Volume 39, Issue 3
  • ISSN 0176-4225
  • E-ISSN: 1569-9714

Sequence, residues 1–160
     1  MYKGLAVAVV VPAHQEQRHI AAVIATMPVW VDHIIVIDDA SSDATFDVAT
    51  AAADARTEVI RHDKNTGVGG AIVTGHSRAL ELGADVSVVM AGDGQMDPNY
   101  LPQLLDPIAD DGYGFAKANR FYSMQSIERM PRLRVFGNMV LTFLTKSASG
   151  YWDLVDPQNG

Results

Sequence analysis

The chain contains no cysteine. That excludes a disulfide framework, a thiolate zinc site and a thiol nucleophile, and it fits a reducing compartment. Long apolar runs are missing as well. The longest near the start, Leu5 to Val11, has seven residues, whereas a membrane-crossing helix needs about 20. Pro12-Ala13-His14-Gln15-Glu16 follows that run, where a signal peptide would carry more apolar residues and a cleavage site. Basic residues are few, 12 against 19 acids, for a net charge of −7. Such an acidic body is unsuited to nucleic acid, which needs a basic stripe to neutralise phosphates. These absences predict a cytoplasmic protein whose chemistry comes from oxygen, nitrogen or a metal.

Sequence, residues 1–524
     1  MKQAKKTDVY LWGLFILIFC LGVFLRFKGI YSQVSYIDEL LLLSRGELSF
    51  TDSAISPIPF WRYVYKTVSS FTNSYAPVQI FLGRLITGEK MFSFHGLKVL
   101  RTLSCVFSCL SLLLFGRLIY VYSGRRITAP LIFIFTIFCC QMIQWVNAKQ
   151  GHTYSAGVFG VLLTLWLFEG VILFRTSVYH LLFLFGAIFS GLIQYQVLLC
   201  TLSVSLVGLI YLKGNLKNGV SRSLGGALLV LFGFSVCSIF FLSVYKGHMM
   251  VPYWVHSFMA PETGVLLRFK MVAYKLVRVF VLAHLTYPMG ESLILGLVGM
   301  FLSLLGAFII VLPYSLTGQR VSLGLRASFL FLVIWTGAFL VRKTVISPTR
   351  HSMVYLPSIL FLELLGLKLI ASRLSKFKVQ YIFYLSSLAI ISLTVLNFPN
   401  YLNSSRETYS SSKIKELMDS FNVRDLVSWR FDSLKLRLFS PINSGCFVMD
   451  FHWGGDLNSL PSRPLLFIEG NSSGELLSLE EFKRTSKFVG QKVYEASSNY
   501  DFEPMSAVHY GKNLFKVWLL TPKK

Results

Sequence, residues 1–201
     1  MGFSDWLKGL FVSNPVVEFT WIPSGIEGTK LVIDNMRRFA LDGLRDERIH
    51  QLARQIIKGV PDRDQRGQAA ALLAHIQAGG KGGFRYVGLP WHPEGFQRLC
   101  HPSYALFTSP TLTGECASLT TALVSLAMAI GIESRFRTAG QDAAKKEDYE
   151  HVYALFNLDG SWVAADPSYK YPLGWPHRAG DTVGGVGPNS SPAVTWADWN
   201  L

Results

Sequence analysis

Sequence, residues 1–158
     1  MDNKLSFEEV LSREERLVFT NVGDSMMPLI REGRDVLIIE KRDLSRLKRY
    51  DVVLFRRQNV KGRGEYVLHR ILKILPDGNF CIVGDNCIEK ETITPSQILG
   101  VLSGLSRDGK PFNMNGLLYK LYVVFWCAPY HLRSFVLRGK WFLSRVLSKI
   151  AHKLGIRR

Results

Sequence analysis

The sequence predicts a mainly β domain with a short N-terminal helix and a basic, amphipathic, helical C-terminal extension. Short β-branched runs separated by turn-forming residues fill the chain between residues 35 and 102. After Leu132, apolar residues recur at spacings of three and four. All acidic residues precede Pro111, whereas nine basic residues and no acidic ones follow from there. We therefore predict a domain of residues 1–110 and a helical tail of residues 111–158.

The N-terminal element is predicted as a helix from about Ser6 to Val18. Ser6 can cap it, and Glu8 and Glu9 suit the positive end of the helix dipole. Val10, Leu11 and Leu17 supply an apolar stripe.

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Apparently disparate sound changes in Latin, involving both vowels and consonants but sensitive to /r/, can be explained by reconstructing a positional clear/dark contrast in /r/, motivated by the seldom-mentioned “liquid polarity” effect. Examining these diachronic processes together allows us to see a larger picture, providing evidence for the reconstruction of successive past synchronic states. Latin /r/ mirrored the behaviour of Latin /l/ up to the first century BC: /l/ was dark and /r/ was clear in codas, and /r/ was dark and /l/ was underspecified for tongue body position in onsets. Darkness in /r/ was partly implemented through the selection of r-type: dark onset approximant and clear coda tap. Later, coda /r/ became an approximant like onset /r/, and subsequently both became trills, resulting in the erosion of the positional contrast and the liquid polarity effect.


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